UV irradiation: Prior to irradiation, B73 friable, embryogenic callus was dispersed in liquid MS medium and forced through a 600 µm screen. Cell clumps smaller than 600 µm were evenly spread on MS solid medium and irradiated with UV for 0.5 to 8 hours. A 15-W General Electric germicidal lamp emitting at approximately 2600 A with an energy output of 25 ergs/mm2/sec was used. The results indicated that percent survival of the irradiated callus decreased with increasing UV doses (Fig. 5). Calli irradiated with UV longer than 3 minutes became watery and died one month after irradiation. To date, only a few plants have been regenerated, and one yellow-green variant and one dwarf variant were detected in R1 progeny rows. The progenies segregated 3:1 for the respective characteristics indicating a single recessive mutation. Large-scale plant regeneration is under way.

X-ray irradiation (in collaboration with David Cheng and Tracy Yang): Macerated B73 friable embryogenic callus (smaller than 400 µm in diameter) was uniformly spread over a 60 x 20 mm petri dish containing 25 ml of maintenance medium and irradiated with 11 doses (0 to 8.4 kilorads (kR) ) of X-ray. Calli irradiated with doses higher than 2.7 kR died one month after irradiation. Three irradiated calli (0.8, 1.3 and 2.7 kR) showed significant increases in growth rate, and one (0.8 kR) showed an increase in embryogenic activity six months after irradiation.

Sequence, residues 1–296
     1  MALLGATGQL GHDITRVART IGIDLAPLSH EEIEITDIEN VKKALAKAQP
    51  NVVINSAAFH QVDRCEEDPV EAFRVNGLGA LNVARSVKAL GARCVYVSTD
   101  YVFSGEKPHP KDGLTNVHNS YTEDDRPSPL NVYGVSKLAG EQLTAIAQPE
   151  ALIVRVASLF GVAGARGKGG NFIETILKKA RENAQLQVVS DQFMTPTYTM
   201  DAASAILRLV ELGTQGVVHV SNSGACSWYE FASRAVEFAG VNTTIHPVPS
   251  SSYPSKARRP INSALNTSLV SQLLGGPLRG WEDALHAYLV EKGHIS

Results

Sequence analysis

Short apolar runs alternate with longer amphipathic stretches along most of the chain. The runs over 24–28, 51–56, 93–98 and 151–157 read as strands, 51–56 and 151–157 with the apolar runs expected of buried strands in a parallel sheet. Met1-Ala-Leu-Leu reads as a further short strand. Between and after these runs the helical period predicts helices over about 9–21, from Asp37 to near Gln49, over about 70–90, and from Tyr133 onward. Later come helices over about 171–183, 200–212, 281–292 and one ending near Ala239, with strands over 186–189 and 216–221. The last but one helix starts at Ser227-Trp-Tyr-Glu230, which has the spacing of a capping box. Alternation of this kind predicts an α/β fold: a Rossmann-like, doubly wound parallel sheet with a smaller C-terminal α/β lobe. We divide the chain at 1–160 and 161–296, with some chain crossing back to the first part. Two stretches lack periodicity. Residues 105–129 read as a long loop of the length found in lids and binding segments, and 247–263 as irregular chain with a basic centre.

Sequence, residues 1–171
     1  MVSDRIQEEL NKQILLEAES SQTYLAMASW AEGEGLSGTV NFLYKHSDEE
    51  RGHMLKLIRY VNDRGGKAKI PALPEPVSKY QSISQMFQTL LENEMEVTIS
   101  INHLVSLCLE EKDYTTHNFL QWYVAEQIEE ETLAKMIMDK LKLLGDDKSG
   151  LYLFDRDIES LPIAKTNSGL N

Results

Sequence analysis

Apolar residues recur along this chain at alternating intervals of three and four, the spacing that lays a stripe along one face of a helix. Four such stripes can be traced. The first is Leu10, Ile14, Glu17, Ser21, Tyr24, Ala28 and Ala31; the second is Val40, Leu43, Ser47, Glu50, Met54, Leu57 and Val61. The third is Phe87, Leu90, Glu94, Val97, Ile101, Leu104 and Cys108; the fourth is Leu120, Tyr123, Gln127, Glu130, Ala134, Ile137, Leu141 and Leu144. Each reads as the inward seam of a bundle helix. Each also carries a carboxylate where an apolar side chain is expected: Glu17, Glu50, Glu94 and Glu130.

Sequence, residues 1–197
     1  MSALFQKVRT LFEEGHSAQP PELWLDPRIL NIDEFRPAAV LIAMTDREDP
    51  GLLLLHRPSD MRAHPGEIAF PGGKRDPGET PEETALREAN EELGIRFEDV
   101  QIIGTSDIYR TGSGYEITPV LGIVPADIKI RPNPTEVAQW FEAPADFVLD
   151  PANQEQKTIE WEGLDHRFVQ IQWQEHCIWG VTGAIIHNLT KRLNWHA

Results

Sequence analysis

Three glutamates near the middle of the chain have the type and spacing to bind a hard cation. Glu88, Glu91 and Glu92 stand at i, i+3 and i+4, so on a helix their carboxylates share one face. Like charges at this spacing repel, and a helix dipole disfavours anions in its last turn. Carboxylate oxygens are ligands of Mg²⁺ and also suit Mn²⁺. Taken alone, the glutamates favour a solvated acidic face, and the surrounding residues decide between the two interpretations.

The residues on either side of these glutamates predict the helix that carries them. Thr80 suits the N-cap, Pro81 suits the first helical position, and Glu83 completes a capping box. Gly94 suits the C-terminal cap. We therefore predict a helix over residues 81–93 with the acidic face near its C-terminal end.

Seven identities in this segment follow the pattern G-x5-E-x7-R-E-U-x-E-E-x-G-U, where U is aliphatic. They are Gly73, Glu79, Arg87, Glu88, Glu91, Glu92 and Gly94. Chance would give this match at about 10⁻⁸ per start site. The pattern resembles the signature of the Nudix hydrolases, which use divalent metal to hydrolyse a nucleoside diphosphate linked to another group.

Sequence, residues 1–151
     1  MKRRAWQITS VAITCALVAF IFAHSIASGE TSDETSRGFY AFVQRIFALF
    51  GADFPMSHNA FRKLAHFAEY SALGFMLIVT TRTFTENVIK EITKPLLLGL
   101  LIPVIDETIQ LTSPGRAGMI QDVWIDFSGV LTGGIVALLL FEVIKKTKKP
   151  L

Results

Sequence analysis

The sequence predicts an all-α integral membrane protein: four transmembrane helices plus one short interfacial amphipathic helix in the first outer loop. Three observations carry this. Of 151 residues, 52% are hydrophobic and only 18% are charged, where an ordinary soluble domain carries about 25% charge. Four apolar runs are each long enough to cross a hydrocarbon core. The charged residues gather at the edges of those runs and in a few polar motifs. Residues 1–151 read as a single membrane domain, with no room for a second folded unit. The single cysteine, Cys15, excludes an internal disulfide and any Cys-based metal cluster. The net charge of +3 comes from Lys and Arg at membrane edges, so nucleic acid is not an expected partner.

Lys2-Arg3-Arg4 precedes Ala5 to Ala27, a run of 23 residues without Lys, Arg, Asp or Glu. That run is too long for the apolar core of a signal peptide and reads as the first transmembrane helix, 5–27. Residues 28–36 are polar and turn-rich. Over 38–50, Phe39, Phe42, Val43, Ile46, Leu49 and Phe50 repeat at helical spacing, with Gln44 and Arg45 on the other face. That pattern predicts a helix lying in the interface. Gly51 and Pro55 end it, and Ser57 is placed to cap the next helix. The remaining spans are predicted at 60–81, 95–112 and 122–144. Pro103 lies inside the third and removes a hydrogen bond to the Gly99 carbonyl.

A total of 230 R0 plants were regenerated for evaluation. Pollen fertility and seed set decreased with increasing X-ray dosage (Table 2). Of 230 R0 plants, 83 produced enough seeds (at least 15 seeds) for evaluation of mutant segregation in Rl progeny tests. The mutation rate increased with higher doses of X-ray.

Traits such as virescence, defective kernel, striate, white seedling, zebra band, viviparous, wilted, shrunken endosperm and vigorous plants have been observed in R1 progeny rows. Most of the variants segregated 3:1 for the respective traits, indicating a single recessive mutation. The degree of chromosomal alteration increased with X-ray dosage. Several sporocytes were collected and analysed. A deficiency of the proximal portion of the long arm of the chromosome, a trisomic-7, and translocations involving two or three chromosomes have been detected.

Figures 1 and 2.

Figures 3, 4, 5 and Table 1.

A.S. Wang, M.D. Hollingworth and J.B. Milcic

Please Note: Notes submitted to the Maize Genetics Cooperation Newsletter may be cited only with consent of the authors.